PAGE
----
Weighing up the benefits and harms of a new anti-cancer drug: A survey of Australian oncologists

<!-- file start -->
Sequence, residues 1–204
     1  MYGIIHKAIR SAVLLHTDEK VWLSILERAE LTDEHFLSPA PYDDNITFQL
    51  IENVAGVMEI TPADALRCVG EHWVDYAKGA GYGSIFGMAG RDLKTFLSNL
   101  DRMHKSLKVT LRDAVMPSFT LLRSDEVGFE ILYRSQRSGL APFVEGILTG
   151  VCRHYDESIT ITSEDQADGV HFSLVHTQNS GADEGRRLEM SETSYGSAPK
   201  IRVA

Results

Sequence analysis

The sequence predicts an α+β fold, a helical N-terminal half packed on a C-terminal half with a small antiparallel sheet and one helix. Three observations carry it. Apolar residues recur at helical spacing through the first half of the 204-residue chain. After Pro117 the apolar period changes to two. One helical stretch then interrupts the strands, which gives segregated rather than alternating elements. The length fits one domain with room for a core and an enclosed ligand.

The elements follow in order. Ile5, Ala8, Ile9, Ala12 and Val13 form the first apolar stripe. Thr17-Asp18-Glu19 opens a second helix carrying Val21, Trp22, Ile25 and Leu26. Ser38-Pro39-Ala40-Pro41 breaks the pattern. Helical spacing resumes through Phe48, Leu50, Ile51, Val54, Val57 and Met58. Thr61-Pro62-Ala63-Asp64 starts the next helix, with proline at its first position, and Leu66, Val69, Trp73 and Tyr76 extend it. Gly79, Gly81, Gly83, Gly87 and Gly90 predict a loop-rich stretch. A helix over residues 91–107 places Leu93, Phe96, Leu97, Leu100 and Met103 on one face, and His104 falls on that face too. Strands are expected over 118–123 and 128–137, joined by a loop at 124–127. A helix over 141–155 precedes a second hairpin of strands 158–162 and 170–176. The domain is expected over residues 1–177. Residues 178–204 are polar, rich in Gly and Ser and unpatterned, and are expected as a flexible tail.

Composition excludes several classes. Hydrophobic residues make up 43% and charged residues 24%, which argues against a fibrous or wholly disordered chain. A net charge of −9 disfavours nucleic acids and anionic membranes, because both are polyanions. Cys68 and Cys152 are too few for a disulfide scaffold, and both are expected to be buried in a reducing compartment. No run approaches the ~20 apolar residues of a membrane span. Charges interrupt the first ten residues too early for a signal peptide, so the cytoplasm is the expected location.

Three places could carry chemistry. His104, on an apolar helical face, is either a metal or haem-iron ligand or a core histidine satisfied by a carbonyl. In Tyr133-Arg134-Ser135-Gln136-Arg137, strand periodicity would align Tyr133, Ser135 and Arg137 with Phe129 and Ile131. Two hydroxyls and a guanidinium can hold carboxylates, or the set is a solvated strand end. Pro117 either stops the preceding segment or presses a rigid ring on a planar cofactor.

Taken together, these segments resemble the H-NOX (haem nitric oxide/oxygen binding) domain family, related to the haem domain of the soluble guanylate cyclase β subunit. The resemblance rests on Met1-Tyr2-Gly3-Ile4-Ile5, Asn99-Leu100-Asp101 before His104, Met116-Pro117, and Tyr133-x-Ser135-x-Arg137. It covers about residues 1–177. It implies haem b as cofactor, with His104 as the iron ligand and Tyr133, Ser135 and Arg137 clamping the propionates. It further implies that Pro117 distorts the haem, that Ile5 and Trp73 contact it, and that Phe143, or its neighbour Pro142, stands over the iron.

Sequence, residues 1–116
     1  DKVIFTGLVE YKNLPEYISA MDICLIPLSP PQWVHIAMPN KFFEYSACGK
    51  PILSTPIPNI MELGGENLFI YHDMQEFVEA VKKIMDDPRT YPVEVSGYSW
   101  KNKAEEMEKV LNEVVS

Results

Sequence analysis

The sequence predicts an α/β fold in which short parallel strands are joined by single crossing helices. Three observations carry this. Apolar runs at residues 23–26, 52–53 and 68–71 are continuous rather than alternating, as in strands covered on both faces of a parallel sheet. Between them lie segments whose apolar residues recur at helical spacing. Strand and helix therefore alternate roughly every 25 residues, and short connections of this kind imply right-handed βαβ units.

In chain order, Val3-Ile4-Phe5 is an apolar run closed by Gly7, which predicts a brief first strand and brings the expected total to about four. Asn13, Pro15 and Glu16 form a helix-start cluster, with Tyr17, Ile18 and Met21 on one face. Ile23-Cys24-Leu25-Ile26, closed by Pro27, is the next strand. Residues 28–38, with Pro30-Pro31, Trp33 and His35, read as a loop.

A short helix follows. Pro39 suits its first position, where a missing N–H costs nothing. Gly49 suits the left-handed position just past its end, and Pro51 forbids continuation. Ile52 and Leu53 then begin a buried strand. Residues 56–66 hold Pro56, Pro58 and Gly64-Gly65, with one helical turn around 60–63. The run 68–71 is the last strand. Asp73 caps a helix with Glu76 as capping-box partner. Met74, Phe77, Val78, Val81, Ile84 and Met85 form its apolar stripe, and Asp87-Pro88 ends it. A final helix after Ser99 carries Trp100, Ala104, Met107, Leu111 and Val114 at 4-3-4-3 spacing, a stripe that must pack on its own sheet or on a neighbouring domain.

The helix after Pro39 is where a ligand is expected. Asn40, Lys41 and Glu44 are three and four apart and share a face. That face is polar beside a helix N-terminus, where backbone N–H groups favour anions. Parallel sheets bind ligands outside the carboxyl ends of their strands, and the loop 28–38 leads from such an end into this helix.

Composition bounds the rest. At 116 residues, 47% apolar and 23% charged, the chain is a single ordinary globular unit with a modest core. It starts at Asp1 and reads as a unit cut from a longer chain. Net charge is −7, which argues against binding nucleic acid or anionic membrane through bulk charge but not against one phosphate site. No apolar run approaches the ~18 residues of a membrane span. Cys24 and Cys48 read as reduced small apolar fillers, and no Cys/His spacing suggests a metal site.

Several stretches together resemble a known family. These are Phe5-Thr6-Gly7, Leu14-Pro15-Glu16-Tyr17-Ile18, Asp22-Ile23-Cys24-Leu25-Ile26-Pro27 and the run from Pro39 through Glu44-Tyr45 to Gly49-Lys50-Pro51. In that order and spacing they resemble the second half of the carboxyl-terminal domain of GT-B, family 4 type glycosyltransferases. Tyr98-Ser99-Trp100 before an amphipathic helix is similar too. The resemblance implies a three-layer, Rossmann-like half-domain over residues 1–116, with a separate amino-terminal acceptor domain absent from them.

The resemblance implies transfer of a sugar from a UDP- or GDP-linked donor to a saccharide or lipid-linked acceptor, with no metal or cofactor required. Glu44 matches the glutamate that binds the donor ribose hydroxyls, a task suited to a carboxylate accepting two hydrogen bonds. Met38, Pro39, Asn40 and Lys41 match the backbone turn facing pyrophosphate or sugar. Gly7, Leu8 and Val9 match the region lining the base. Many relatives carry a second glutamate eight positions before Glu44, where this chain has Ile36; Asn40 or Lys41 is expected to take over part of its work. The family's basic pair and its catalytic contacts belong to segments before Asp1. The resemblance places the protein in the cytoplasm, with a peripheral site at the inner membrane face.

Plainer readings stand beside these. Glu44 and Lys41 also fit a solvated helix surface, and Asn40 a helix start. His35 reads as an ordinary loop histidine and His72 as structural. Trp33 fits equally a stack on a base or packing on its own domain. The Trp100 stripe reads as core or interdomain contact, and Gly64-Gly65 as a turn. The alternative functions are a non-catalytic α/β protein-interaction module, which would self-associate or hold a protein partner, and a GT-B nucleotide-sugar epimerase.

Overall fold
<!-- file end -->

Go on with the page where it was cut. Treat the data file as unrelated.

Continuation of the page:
Background: Little is known about the relative importance that oncologists attribute to the benefits and harms of anti-cancer drugs when considering treatment options with their patients. Aim: To quantify the trade-offs made between overall survival, progression-free survival and adverse effects. Methods: A web-based survey elicited importance weights for the benefits and harms of bevacizumab or everolimus. Combining the importance weights with trial-based probabilities produced a score and ranking for each treatment option. Results: A total of 40 responses was received for the bevacizumab scenario and 32 for the everolimus scenario. All respondents regarded overall survival and progression-free survival as the most important attributes - more important than avoiding the potential harms regardless of drugs. Among the potential harms, respondents allocated the highest mean importance weight to gastrointestinal (GI) perforation and rated absolute improvement in overall survival as 1.6 times and 2.3 times as important as avoiding GI perforation in the two versions of the bevacizumab scenario respectively. For the everolimus scenario, stomatitis and pneumonitis were allocated the highest mean importance weights with absolute improvement in overall survival rated as 2.2 times as important as avoiding stomatitis/pneumonitis. All 40 respondents (100%) favoured treatment option with bevacizumab to no bevacizumab based on respondents' determined weights for treatment attributes. The converse was found for everolimus with 22 (69%) of respondents preferring the 'no everolimus' option. Conclusion: Oncologists' preferences over the benefits and harms of treatment do, when combined with evidence of effect, influence treatment decisions for anti-cancer drugs.